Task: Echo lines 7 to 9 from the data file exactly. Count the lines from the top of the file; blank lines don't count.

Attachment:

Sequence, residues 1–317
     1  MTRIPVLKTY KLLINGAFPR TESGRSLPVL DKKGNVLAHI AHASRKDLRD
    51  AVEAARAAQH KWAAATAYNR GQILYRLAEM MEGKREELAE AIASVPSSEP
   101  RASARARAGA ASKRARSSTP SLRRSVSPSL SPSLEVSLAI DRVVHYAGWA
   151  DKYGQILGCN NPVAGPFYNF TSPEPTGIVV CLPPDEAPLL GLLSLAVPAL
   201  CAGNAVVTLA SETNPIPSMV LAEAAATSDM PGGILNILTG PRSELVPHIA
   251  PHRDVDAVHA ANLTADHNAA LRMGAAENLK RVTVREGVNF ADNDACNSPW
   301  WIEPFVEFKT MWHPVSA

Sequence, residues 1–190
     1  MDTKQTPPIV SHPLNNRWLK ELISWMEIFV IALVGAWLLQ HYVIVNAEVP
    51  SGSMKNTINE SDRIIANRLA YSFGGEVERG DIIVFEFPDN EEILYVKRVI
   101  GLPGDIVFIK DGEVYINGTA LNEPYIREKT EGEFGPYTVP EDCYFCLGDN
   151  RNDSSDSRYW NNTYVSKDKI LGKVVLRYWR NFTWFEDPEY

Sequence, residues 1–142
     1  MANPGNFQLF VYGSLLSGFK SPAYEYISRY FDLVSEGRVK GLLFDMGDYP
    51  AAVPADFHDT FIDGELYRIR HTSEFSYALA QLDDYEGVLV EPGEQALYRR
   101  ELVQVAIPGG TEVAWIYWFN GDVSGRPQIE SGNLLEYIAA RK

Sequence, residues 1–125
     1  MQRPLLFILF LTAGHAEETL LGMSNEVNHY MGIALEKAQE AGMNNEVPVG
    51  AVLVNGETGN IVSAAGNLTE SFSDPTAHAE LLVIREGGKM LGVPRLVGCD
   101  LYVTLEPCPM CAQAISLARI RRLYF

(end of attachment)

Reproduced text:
   251  PHRDVDAVHA ANLTADHNAA LRMGAAENLK RVTVREGVNF ADNDACNSPW
   301  WIEPFVEFKT MWHPVSA

Sequence, residues 1–190